I recently attended the Health Datapalooza in Washington, DC. The Datapalooza concept represents a government-wide effort (Health, Education, Energy, Transportation, etc.) to unleash the power of data that has been locked away in government archives for years, virtually unused. Think for a moment about the impact of the federal government releasing National Weather Service data in the early 70s, or GPS satellite tracking data in the 90s. Those actions spurred the development of multibillion dollar industries and conveniences that we as consumers rely on every day.
Now, imagine how much data is gathered on a daily basis in healthcare, the largest sector of the United States economy and 18% of our gross domestic product. Under the bold leadership of HHS Secretary Kathleen Sebelius, CTO of the US Todd Park, and the National Coordinator for Health IT Farzad Mostashari, HHS is beginning to release mountains of anonymized healthcare data to unleash innovation and entrepreneurship in healthcare.
This has massive implications, because as we know, healthcare is quite likely the most data-opaque industry on the planet. So much so that Steven Brill's extraordinary exposé on healthcare costs was surprising to many outside the industry (though not to insiders) and the release of hospital chargemaster information by HHS was big news. And a company like Castlight, which simply allows consumers to compare pricing when choosing healthcare providers, is a true innovator.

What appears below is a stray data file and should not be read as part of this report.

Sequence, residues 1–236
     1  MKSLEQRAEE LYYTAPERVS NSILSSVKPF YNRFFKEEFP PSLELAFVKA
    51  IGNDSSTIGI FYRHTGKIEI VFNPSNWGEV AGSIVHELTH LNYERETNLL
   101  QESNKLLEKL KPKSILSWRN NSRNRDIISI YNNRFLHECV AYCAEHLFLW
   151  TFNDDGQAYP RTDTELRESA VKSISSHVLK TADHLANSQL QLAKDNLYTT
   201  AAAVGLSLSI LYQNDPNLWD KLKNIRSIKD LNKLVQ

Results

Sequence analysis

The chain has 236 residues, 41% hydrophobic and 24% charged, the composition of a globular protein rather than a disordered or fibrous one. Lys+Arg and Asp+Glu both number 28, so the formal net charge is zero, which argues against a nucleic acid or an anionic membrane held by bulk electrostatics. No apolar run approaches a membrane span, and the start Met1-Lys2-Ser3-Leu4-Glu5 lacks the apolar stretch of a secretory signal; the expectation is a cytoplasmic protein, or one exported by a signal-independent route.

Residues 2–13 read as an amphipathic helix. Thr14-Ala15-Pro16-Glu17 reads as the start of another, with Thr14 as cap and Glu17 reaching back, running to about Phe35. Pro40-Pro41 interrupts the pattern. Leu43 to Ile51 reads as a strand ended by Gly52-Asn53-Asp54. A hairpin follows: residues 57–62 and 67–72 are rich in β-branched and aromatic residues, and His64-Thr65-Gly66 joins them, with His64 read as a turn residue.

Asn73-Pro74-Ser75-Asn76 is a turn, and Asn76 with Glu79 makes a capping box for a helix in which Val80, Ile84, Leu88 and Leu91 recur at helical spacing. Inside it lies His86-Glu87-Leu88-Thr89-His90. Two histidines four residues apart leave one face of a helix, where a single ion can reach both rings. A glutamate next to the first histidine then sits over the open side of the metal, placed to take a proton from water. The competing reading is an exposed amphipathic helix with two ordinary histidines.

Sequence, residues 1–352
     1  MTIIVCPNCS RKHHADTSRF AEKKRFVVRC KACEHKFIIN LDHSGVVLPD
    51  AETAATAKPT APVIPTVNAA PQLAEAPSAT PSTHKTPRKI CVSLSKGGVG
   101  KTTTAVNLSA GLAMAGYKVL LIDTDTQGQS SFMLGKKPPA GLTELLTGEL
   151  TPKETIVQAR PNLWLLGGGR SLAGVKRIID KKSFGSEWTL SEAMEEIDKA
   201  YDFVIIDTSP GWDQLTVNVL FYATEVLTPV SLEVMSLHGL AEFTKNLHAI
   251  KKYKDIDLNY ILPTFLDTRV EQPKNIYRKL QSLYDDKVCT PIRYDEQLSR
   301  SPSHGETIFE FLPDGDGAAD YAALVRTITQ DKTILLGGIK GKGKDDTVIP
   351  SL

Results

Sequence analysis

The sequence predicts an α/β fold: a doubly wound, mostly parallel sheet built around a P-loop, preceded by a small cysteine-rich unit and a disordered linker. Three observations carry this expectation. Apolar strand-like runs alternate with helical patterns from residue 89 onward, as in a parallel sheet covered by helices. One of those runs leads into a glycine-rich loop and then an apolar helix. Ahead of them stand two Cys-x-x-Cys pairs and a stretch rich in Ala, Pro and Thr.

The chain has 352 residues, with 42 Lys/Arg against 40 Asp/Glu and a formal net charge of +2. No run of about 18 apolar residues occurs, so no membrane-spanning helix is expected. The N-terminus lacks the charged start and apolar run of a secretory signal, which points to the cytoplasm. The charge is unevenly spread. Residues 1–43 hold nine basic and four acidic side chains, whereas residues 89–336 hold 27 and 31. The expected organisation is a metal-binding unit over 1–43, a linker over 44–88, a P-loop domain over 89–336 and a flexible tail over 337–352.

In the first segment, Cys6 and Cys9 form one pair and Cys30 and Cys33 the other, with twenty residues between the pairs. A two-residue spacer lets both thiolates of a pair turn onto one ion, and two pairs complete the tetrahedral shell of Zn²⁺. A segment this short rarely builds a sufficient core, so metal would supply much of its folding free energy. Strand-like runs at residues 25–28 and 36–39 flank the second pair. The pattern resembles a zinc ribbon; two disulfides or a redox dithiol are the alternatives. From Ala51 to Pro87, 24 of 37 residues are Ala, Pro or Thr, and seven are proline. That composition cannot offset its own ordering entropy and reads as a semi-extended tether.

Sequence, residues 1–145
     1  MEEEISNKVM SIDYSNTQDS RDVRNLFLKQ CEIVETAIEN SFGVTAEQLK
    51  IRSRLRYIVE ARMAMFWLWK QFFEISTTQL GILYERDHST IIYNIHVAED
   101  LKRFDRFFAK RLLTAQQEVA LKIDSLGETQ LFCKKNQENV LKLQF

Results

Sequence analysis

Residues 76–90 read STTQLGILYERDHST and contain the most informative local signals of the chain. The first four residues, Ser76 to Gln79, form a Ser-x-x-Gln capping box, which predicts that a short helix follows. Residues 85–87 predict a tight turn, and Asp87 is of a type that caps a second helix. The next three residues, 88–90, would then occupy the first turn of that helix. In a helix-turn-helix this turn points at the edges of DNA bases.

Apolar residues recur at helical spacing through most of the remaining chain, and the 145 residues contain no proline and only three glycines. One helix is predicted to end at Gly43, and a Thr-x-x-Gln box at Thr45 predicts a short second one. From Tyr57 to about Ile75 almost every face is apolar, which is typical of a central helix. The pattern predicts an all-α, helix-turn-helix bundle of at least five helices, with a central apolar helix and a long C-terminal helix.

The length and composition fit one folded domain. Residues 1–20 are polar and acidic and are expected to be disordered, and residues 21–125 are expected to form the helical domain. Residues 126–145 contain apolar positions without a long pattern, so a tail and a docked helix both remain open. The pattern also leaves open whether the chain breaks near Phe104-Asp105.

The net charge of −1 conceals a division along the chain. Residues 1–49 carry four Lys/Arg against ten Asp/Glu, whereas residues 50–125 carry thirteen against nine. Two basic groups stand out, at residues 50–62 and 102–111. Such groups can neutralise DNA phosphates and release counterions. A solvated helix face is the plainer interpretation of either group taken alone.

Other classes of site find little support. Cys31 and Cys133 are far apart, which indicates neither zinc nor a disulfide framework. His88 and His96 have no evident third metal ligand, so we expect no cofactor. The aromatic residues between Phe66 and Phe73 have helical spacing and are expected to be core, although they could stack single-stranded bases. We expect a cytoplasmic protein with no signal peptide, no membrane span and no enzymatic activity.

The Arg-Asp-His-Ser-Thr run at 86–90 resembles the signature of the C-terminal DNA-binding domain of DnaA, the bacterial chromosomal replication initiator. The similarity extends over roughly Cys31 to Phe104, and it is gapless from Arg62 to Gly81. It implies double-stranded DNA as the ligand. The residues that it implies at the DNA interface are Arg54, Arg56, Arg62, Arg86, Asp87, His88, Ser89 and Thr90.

Due to lack of data transparency about costs and outcomes, healthcare is a perfect example of an industry with rampant information asymmetry (circumstances where one party has better information than another, creating situations where the lacking party may be taken advantage of). Information asymmetry frequently exists between payors and providers and also between providers and patients. As you move down the healthcare food chain from payor to patient, the asymmetry gets worse as you go. Payors have comprehensive data on costs and perhaps even rudimentary performance metrics, providers are likely to have this only within their system, and patients have virtually no basis to make an informed decision. This is one reason the HHS release of healthcare data is so important, it can begin to level the playing field for payors and providers to work together intelligently, and for patients to make informed choices.